The circle of life made its way to The Kentucky Center in Louisville from Oct. 30 – Nov. 17 during the 2019 North American tour of “The Lion King.”
With over 100 million audience member’s world wide, the Broadway show has been touring for years. The environment of The Kentucky Center provided a great set for the musical.
Simba and Nala were played by Brandon McCall and Kayla Cyphers respectively. These two performers brought the young romance from the film to life. Gerald Ramsey embodied the great ruler Mufasa and Spencer Plachy played a remarkably deviant Scar.
Right from the beginning, audience members were drawn to the exotic colors and animals that dance on the stage before them. The actors and actresses moved with such ease that it was harmonious to the eye.
“The Lion King” is in a league of its own and without a doubt worth every penny. The vivid lighting, masterful puppetry and surprising stage elements make it one of the best family musicals.
The show’s beloved characters and bright colors captivated younger audiences. It also focuses on adult themes of love, loss, survival and family, reminding people of everyday life. As an audience member, you fall into a sort of primal paradise.
Just like the movie, the show opens with the musical number, “Circle of Life,” where zebras, lions, giraffes and other exotic animals bring their attention to their king and his newly born son. The cast was dressed in elaborate costumes, masks and maneuvered puppets that resembled the animals.
The plot of the play follows that of its source material, 1994 and 2019’s “The Lion King.” The lion cub Simba is the heir to his father Mufasa’s throne.
Mufasa’s brother Scar longs to be in power, but is angered that Simba will rule over him one day. Scar does everything it takes to become, including causing a stampede that tramples and kills Mufasa. Having witnessed his father’s death, Simba feels guilty for the accident and Scar tells Simba that he needs to leave the pride or the other lions and lionesses would be angry with him.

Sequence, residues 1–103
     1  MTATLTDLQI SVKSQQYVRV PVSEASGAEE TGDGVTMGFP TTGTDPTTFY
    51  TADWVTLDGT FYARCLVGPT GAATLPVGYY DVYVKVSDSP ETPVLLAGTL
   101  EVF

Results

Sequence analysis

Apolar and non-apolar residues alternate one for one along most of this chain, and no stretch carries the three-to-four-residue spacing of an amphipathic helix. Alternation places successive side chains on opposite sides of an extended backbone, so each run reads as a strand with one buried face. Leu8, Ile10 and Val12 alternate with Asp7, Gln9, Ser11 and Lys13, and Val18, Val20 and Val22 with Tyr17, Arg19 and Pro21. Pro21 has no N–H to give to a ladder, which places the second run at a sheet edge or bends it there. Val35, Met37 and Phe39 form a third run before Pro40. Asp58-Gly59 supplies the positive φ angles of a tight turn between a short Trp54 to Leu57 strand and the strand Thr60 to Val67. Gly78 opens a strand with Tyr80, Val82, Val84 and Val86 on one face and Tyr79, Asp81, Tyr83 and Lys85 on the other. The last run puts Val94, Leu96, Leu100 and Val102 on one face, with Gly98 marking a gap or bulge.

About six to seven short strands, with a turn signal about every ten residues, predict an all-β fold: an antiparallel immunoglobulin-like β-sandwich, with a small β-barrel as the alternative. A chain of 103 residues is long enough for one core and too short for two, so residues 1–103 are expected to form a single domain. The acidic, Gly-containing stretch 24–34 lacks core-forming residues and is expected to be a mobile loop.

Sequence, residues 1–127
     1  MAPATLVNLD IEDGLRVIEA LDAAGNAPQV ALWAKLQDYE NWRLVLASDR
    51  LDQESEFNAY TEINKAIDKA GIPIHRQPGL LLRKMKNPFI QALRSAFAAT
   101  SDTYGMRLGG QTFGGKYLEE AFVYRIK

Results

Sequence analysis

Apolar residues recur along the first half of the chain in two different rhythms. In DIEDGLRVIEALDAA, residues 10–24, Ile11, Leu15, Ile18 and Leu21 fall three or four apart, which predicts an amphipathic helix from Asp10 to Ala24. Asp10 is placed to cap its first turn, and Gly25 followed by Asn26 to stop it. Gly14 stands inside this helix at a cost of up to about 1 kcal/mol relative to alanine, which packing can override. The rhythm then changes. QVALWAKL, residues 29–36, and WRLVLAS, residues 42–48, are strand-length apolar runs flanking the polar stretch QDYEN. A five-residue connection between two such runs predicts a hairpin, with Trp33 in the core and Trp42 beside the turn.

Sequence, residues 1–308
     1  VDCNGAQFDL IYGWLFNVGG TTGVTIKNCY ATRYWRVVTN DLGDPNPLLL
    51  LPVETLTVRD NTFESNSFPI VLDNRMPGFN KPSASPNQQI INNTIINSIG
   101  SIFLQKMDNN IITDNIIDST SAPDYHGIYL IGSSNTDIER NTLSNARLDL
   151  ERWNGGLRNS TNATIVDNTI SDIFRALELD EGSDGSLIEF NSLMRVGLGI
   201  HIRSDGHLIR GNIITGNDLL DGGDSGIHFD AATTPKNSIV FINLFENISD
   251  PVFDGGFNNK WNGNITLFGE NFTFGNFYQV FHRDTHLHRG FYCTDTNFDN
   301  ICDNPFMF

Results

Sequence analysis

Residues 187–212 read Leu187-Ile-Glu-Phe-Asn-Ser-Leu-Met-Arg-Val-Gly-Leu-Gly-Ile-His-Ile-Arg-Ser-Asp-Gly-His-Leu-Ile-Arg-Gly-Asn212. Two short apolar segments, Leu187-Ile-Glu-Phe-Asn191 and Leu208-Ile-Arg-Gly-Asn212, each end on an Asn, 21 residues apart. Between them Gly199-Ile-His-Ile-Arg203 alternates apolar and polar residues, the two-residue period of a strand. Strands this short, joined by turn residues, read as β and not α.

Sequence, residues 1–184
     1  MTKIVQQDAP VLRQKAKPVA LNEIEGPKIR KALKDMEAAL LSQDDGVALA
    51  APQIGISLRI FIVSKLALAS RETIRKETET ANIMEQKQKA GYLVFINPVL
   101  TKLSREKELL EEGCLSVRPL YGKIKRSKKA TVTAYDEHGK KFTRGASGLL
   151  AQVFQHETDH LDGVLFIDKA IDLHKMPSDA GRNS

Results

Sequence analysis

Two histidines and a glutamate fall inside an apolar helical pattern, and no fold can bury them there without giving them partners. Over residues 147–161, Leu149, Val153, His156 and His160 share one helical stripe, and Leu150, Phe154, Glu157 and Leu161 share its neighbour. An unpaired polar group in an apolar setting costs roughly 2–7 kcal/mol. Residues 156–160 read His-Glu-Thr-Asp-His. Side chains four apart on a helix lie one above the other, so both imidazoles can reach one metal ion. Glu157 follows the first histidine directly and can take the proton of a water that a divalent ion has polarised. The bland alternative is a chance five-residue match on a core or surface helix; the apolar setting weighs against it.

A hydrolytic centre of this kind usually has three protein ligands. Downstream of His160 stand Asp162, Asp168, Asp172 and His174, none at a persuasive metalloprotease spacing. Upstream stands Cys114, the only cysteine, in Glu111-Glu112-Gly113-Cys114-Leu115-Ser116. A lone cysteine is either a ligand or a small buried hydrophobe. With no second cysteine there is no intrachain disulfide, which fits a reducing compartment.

While Simba journeys on his own, he meets Timon and Pumbaa, who help him come to terms with his past. This gives Simba the strength to return to the pride lands and reclaim his rightful place as king.
Classic jokes from the movie were also in the play. The jokes left children and adults chuckling in the theater.
The amount of craftsmanship and uniqueness in each of the scenes and sets was breathtaking. It is not easy to recreate an animated movie that features animals as the main characters, but there was not a single thing that could be changed to make the performance better.
About three or four times during the show, the actors and actresses came down into the crowd. The interaction with the audience makes members feel like they are a part of the show. It is obvious that a lot of effort was put into recreating a story that many children and adults love.
“The Lion King” still remains an important piece of work after its many years of returning to Broadway and other theaters across the United States and the world. The play offers a captivating plot and the transitions from one scene to another are smooth.
It is a perfect combination of art, entertainment and music. Overall, “The Lion King” is a great experience and is one that will be remembered for life.